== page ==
SUNSET OVER THE MEKONG

Luang Prabang, 16 February 2013

I first came into contact with the Mekong some ten years ago, in Phnom Penh, Cambodia. I remember looking in awe at this hugely wide river and planning some day to take a boat down it to Vietnam; a plan still waiting to be executed. In the meantime, our lives have crossed the Mekong many times. Several years ago, my wife and I had a close brush with it when we cruised on Tonle Sap Lake while we were visiting Angkor Wat. This lake has a strange relationship with the Mekong: during the dry season it drains into the Mekong, but during the rainy season the Mekong’s current is so strong that the flow reverses and it is the river that runs into the lake.  Two years ago, in September, we came across the Mekong again, red-brown and very silty, at Xishuangbanna in the far south of Yunnan province, down by the border with Myanmar, Thailand and Laos. While we were there, a story broke of the captain and crew of a Chinese ship plying the Mekong being executed by shooting one night under mysterious circumstances; a story of drug running, it turned out, in that wild part of the world. And now we were in Laos, a country traversed by the Mekong and much of whose borders are defined by the river. While we were in Vientiane a few days ago, we walked along its bank and looked over to Thailand on the other shore.  And we have spent the last two days in Luang Prabang, the country’s ancient royal capital, which lies at the confluence of the Nam Khan River and the Mekong. As we have criss-crossed the narrow tongue of land between the two rivers on which the old town was founded, we have found ourselves gazing down on the Mekong many times.  We have watched the ferry crossing it:

laos 428

laos 430

We have watched ships taking tourists up and down the river:

laos 476

laos 475

We have crossed a spindly bamboo bridge spanning the Nam Khan:

laos 258

to gaze down on the confluence of the two rivers:

laos 263

And now, on our last evening, we have been sitting on steps leading down to the river and have been watching the sun set behind the hills on the far shore.

laos 480

laos 485

laos 491

laos 497

And with that last flash of light there has floated into my mind some lines from a hymn we used to sing at school when I was young, sung to a serenely tranquil tune:

Lord of all gentleness, Lord of all calm,
Whose voice is contentment, whose presence is balm,
Be there at our sleeping, and give us, we pray,
Your peace in our hearts, Lord, at the end of the day.

Published by

Abellio

I like writing, but I’ve spent most of my life writing about things that don’t particularly interest me. Finally, as I neared the age of 60, I decided to change that. I wanted to write about things that interested me. What really interests me is beauty. So I’ve focused this blog on beautiful things. I could be writing about a formally beautiful object in a museum. But it could also be something sitting quietly on a shelf. Or it could be just a fleeting view that's caught my eye, or a momentary splash of colour-on-colour at the turn of the road. Or it could be a piece of music I've just heard. Or a piece of poetry. Or food. And I’m sure I’ve missed things. But I’ll also write about interesting things that I hear or read about. Isn't there a beauty about things pleasing to the mind? I started just writing, but my wife quickly persuaded me to include photos. I tried it and I liked it. So my posts are now a mix of words and pictures, most of which I find on the internet. What else about me? When I first started this blog, my wife and I lived in Beijing where I was head of the regional office of the UN Agency I worked for. So at the beginning I wrote a lot about things Chinese. Then we moved to Bangkok, where again I headed up my Agency's regional office. So for a period I wrote about Thailand and South-East Asia more generally. But we had lived in Austria for many years before moving to China, and anyway we both come from Europe my wife is Italian while I'm half English, half French - so I often write about things European. Now I'm retired and we've moved back to Europe, so I suppose I will be writing a lot more about the Old Continent, interspersed with posts we have gone to visit. What else? We have two grown children, who had already left the nest when we moved to China, but they still figure from time to time in my posts. I’ll let my readers figure out more about me from reading what I've written. As these readers will discover, I really like trees. So I chose a tree - an apple tree, painted by the Austrian painter Gustav Klimt - as my gravatar. And I chose Abellio as my name because he is the Celtic God of the apple tree. I hope you enjoy my posts. http://ipaintingsforsale.com/UploadPic/Gustav Klimt/big/Apple Tree I.jpg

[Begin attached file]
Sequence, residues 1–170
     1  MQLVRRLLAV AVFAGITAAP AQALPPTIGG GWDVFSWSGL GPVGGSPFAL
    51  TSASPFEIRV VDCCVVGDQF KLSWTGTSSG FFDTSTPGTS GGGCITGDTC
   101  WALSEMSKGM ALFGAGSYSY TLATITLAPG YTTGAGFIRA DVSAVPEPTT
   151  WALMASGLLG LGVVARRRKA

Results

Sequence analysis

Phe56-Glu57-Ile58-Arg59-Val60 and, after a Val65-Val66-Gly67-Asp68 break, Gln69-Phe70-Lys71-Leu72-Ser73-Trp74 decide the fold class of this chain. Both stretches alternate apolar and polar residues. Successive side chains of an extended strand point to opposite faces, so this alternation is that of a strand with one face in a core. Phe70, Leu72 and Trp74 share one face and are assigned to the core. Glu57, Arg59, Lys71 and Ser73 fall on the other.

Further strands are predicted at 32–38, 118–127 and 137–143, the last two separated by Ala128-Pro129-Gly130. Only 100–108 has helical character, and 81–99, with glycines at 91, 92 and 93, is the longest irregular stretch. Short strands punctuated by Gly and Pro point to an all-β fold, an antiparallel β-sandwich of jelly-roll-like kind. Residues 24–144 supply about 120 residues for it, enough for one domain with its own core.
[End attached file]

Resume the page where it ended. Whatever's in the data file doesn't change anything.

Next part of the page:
2 thoughts on “SUNSET OVER THE MEKONG”

Leave a Reply

Fill in your details below or click an icon to log in:

WordPress.com Logo

You are commenting using your WordPress.com account. Log Out /  Change )

Google photo

You are commenting using your Google account. Log Out /  Change )

Twitter picture

You are commenting using your Twitter account. Log Out /  Change )

Facebook photo

You are commenting using your Facebook account. Log Out /  Change )

Connecting to %s

This site uses Akismet to reduce spam. Learn how your comment data is processed.